Obligations

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Are you obligated to accept food when someone offers it to you? How do you handle the situation if someone says, “Just have one”.

Adhering to a specific nutrition plan or diet, can be difficult in itself. Holiday parties, family gatherings and even pressure from coworkers can make sticking to a program almost impossible.

The pressure can feel like sabotage, even when the intent is innocent. “You can have a little”, “One won’t hurt you”, “It’ll be our little secret”, these sayings and others can be difficult to deal with.

Remember that everyone struggles with change to some degree. In dealing with clients that are going through multiple changes, they may have friends that are afraid to see them change. They may think that they could lose that friend due to different likes or priorities. I make it part of my responsibility to have a game plan in place in case these instances arise.

Be prepared to answer questions such as, “Why are you on a diet” or, “How much damage can one do”?                    It is acceptable to politely decline and say that “I won’t stop at just one” or, “I’m trying to better myself”.

Remember that you are in charge of the route you choose to take. Take control of yourself, your future, and your health.

In fitness, Bob

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Isometric Exercise

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A great addition to anyone’s fitness or exercise routine can and should be Isometrics. Using your own body against itself as resistance, or applying pressure to a stationary object will challenge and activate your muscles and increase circulation. As I write this, I am sitting on a stability ball instead of the office chair to engage my core.

It is believed that Isometric exercise dates back thousands of years to Yoga and Martial arts practitioners. It was also the precursor to body building. Chiropractors and Physical Therapists often instruct patients and clients on the use of isometric exercise to engage their muscles for corrective posture and rehabilitation. Dr.Chris Steidinger of Maximized Living, at ProActive Health and Wellness in Columbus, Ohio, prescribes and recommends isometric exercise  to many of his patients regularly.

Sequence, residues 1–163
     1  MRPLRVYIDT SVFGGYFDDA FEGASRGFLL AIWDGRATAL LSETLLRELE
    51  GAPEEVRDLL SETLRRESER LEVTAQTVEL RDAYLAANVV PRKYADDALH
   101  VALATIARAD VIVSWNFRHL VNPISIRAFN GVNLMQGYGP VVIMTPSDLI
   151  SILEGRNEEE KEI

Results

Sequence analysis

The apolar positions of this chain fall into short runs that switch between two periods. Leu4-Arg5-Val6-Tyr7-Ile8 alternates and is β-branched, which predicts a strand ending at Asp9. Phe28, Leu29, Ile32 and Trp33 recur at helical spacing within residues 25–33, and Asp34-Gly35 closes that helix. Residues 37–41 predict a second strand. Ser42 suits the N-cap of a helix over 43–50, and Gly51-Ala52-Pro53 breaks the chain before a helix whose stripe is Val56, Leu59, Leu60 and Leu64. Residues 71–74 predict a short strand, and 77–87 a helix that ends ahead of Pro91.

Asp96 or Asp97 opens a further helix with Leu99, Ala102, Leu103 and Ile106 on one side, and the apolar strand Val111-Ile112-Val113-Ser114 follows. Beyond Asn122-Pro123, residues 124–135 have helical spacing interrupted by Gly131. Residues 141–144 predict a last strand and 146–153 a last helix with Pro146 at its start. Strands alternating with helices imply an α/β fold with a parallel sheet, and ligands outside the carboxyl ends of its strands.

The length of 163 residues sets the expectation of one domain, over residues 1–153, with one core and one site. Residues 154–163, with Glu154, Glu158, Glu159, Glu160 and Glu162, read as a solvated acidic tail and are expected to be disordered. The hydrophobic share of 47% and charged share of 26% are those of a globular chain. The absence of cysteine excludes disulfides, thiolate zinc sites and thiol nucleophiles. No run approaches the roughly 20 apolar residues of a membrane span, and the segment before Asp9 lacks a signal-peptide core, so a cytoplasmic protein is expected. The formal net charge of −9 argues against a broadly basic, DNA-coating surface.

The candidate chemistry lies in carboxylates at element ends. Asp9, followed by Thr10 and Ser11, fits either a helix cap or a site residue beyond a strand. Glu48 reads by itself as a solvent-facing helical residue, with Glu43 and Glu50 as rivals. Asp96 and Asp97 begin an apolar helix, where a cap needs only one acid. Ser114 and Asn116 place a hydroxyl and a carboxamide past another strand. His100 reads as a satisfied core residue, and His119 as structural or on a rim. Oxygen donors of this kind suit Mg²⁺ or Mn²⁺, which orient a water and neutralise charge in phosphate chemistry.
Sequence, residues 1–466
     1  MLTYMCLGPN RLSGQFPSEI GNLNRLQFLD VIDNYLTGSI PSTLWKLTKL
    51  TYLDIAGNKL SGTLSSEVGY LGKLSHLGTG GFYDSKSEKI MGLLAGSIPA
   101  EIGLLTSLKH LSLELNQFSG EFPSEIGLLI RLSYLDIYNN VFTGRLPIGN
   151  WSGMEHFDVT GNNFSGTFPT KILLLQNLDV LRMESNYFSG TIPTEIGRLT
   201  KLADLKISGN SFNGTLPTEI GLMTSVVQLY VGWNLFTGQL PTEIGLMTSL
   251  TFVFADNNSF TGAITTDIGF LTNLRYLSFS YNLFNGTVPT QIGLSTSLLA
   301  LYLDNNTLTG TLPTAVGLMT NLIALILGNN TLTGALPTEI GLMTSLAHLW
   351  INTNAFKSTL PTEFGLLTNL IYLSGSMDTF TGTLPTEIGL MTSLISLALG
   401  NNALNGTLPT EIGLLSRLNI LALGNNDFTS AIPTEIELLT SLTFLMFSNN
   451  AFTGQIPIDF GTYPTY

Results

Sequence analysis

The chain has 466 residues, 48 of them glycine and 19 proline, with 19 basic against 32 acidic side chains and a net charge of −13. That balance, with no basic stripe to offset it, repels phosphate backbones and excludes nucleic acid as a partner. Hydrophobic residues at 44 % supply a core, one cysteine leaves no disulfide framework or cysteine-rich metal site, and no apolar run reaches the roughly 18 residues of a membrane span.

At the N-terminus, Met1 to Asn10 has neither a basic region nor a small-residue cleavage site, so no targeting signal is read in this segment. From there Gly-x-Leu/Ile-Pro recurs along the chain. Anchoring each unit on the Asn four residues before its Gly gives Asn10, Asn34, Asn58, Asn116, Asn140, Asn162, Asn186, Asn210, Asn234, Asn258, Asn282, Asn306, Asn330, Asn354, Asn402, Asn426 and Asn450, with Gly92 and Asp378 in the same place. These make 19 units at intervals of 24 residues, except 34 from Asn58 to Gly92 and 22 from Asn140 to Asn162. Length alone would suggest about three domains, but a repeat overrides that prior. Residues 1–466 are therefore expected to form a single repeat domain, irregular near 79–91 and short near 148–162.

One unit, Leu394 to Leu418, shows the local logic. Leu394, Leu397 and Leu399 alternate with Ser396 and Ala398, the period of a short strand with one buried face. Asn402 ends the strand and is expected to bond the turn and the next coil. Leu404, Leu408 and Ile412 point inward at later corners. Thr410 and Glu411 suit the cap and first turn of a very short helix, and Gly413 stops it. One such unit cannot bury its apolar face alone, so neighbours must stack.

Isometrics can be applied almost anywhere at anytime. While at work, watching TV at home, sitting in the car, flying on a business trip, or anywhere it would be safe to do so. Leg isometrics would be a bad idea sitting at a stop light in your car while driving. I do however twist my grip on the steering wheel while sitting at a stop light. This works the hands and forearms.

Standing in a doorway, you can push against both sides of the door frame at head, shoulder, waist and thigh height, for a full range of motion exercise. All you do is apply pressure against the frame as if pushing it apart. While seated, you can press down on your upper leg while trying to raising your leg against the resistance. To work the shoulder and back area you can put your hands together in front of you and apply pressure towards the palms. This can be reversed by locking your fingers together and trying to pull them apart. While keeping your head straight, you can apply pressure against it with your hands to strengthen the neck muscles. This is good for releasing tension in the neck area.

These are just a few of the many variations of Isometric exercise that are simple and require no special machines to perform. Do these at work, home, or on the go to tone your muscles.              Keep moving and stay fit.

In fitness, Bob